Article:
Nick: I think there were key moments of political decision which jumped out – from the last minute insertion into a Green Paper referencing what was to become the Turner Commission, to the deal struck between the Treasury, No10 and the DWP on the timing of the re-linking of the Basic State Pension to earnings, to scraps in the Coalition over auto enrolment. The reform process was built on solid evidence and a consensus amongst key players. But high politics and moments of decision – or what academics sometimes call ‘statecraft’ – were critical too.

In a somewhat contrary vein, I would also say that the path dependency of the British pensions system stands out as well. The persistence of basic liberal welfare institutions and policies, and the large role for the private sector in the UK, are very clear from the evidence we have assembled.

Will: In spite of the success of auto enrolment, I think a lot of people would agree there’s more to do in ensuring the pensions system is comprehensive in providing people with the sorts of outcomes they might want or need in retirement. Some of our work in Nest Insight seeks to focus on what more needs to be done – for example in ensuring people approach and reach retirement with better overall financial health and ensuring the mass expansion of coverage doesn’t leave people like the self-employed behind. How do you assess the current state of UK pensions policy? And where are the next challenges for policy-makers and the industry to focus on in your view?

Nick: Yes, clearly there are major challenges ahead for pensions policy. We don’t have full population wide participation in second tier pensions saving and too many people are not saving enough. Low annuity rates mean that even when people do save well, they are facing retirement on lower incomes than they could have expected twenty or so years ago. The system could obviously be more redistributive.  And it was very clear from our interviews that the freedom and choice agenda is very disruptive – it breaks the fundamental contract between the state and the saver that the purpose of a pension system is to provide a secure income for retirement.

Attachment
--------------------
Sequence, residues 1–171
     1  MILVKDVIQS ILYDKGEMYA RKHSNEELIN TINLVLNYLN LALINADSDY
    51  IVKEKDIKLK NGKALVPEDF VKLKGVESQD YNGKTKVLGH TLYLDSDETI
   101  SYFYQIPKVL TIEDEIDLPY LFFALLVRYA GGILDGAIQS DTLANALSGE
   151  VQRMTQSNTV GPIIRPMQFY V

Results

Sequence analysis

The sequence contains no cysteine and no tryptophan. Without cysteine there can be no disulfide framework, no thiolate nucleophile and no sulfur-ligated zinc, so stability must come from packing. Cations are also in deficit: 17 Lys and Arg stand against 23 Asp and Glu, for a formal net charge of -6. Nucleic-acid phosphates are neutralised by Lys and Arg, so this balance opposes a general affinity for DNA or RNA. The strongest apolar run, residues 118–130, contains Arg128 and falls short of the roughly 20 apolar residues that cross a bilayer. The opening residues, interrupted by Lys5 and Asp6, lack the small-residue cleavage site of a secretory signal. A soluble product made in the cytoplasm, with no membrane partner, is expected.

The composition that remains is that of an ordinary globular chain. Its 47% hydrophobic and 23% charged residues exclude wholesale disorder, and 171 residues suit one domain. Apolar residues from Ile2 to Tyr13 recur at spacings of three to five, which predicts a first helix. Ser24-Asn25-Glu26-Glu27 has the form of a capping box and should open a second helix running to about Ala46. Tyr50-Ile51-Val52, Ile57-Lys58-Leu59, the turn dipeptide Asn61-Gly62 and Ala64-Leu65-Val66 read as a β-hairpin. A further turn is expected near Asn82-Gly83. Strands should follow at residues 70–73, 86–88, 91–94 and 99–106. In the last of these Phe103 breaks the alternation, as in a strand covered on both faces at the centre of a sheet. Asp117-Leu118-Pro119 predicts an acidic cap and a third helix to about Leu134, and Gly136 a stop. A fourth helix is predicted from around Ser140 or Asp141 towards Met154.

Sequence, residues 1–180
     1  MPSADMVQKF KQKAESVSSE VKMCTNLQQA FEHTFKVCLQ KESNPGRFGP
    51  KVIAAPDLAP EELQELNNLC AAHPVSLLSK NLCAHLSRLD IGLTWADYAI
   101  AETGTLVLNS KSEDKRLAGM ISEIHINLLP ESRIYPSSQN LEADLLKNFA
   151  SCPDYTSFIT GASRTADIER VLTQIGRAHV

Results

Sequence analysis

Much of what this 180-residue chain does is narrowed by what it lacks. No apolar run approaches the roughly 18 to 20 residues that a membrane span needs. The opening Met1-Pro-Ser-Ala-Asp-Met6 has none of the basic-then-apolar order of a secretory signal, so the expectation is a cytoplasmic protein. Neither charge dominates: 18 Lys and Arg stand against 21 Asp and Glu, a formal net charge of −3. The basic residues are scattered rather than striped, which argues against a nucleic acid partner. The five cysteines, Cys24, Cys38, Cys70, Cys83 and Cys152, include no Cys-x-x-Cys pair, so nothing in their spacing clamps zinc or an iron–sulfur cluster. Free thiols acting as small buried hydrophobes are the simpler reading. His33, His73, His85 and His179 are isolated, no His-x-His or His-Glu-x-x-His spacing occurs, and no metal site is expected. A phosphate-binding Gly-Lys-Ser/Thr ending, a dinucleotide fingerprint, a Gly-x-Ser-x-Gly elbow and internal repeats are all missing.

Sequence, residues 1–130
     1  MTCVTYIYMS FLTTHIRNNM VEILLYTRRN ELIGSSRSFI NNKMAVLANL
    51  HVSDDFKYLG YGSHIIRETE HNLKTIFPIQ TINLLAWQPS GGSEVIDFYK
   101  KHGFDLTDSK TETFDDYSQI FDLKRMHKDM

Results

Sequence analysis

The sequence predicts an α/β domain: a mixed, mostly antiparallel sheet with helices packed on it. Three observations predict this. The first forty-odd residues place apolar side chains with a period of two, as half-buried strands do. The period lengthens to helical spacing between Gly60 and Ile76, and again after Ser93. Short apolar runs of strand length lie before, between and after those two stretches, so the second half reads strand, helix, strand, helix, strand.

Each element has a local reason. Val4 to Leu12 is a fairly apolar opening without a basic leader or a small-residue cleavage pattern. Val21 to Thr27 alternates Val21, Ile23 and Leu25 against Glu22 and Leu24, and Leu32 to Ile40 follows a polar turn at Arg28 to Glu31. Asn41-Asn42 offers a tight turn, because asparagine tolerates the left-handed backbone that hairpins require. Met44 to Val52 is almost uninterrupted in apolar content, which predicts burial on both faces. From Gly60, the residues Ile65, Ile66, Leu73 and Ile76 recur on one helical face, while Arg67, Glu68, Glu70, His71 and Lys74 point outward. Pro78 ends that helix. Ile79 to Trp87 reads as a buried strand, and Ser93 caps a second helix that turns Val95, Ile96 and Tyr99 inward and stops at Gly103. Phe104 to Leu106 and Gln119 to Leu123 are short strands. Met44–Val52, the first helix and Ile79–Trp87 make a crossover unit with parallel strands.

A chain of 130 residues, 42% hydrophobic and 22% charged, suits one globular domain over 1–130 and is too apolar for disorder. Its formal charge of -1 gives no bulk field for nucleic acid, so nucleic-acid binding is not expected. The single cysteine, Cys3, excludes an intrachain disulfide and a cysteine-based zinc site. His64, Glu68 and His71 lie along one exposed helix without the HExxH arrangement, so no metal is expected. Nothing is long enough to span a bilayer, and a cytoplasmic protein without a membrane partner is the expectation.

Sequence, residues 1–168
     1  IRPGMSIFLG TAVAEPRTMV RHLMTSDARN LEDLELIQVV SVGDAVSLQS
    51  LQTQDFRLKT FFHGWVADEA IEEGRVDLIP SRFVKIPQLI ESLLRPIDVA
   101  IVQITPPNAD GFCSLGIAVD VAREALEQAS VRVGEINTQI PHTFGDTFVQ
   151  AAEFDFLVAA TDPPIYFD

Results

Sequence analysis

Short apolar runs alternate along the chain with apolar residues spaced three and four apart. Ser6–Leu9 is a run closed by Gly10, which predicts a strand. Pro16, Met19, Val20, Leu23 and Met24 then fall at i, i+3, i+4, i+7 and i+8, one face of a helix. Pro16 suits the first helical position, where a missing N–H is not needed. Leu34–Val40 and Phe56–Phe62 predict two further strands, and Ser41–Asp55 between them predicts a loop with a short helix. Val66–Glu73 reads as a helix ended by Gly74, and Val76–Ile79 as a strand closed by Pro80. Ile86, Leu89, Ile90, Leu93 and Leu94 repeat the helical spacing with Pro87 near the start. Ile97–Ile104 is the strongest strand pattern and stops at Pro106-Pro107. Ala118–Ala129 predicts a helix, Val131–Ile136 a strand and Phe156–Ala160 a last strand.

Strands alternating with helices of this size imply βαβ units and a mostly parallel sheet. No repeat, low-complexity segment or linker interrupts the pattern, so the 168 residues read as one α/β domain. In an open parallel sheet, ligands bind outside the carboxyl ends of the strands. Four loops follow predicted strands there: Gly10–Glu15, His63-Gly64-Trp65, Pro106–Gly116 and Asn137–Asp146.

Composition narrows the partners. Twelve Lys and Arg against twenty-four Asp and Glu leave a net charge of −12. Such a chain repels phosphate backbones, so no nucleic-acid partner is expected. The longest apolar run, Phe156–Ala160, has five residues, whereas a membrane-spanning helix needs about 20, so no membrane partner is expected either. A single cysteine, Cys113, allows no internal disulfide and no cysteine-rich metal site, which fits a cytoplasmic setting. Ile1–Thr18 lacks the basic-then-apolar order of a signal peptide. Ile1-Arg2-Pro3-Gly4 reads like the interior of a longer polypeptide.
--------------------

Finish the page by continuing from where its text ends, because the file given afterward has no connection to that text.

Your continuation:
Will: Bright Blue and the Fabian Society recently published a report calling for a new Pensions Commission, as part of their series on building and maintaining consensus in pensions policy. And ‘consensus’ was obviously a massive theme at the heart of this research. What do you think of the idea of a new Commission? What would its role be and what would need to happen to ensure it was a success?

Nick: A lot has changed since the Turner Commission was created, and the problems we currently face in pensions policy probably warrant a fresh policy process. Some of the key success factors for the Turner Commission could doubtless be replicated in a new Commission – the size, composition and widened remit, for example. But other factors, not least the critical role of political actors, cannot be assumed from the outset. I suspect that the state also needs to do more now too – and you need a government prepared to intervene strategically to shape policy, reform pensions taxation, and so on.

Will: Thanks Nick. It’s been great working with you, Dr Thomais Massala and the team at IPR, to bring together existing information and new insights about these reforms. Our new report, Pension Reforms in the UK 1997 to 2015 (PDF), and series of video interviews have captured an important part of history, and I hope they’ll be a valuable resource for others around the world looking to tackle similar issues.

Further information

To find out more about the research, read the full report, Pension Reforms in the UK 1997 to 2015 (PDF) and watch the summary video of our series of interviews with individuals that played a key role in the reforms.

This was originally posted via Nest Insight on 16 March 2020.